Physical fitness can be defined as the capability of
the heart, lungs, blood vessels, joints and muscles to function efficiently.
We’ll start by looking at fitness of the Cardio-respiratory system – the efficiency
of the heart and lungs in their ability to transport oxygen and fuel to the
muscles and then remove any waste products.
In some ways, skiing is an odd sport because the more accomplished you
become, the easier it is to get away with having a lower level of
cardio-respiratory fitness. So, while competent skiers may seldom exert
themselves enough to get out of breath, the same is not true for complete
beginners, who spend much more time walking up the slope to begin with.
Of course, the fact that more experienced skiers can often get away with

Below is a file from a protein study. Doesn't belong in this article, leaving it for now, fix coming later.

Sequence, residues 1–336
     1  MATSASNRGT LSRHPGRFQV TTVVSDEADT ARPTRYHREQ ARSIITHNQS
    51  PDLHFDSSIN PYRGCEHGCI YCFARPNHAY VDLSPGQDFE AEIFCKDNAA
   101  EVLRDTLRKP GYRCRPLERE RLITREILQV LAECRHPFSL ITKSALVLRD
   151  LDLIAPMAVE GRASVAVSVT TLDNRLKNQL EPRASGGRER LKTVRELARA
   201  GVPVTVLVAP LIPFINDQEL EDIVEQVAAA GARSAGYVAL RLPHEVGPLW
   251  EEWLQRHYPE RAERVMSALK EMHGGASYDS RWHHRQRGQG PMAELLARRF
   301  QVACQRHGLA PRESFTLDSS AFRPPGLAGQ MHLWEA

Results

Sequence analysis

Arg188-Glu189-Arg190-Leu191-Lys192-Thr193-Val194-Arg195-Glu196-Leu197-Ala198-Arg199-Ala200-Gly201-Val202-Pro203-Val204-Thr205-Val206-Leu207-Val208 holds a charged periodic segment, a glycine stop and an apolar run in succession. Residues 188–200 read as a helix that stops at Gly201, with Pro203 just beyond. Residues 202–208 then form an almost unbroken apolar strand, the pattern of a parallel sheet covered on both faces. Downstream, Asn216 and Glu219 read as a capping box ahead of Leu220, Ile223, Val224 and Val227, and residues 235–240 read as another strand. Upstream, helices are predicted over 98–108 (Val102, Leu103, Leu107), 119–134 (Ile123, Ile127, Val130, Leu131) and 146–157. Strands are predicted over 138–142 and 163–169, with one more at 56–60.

poor cardio-respiratory fitness does not mean that they should ignore this
aspect of their conditioning.
For one thing, the effects of altitude mean that the
heart has to work increasingly harder to keep the body supplied with oxygen.
On the highest glacier skiing in Europe, an altitude of 3,840 metres,
your heart will be working 61% harder than at sea level!
Secondly, a good level of cardio-respiratory fitness reduces the time taken
to recover from bouts of strenuous exercise, so that after a hike up a
ridge, skiers are more quickly ready to make their the descent.
For the majority of recreational skiers, the best way to develop
cardio-respiratory fitness is with prolonged bouts of moderate activity,
such as running, cycling or swimming, with each session lasting at least
20 minutes. Roller-blading is also a good skiing fitness training activity as it
uses similar muscles to skiing and is great for developing your balance.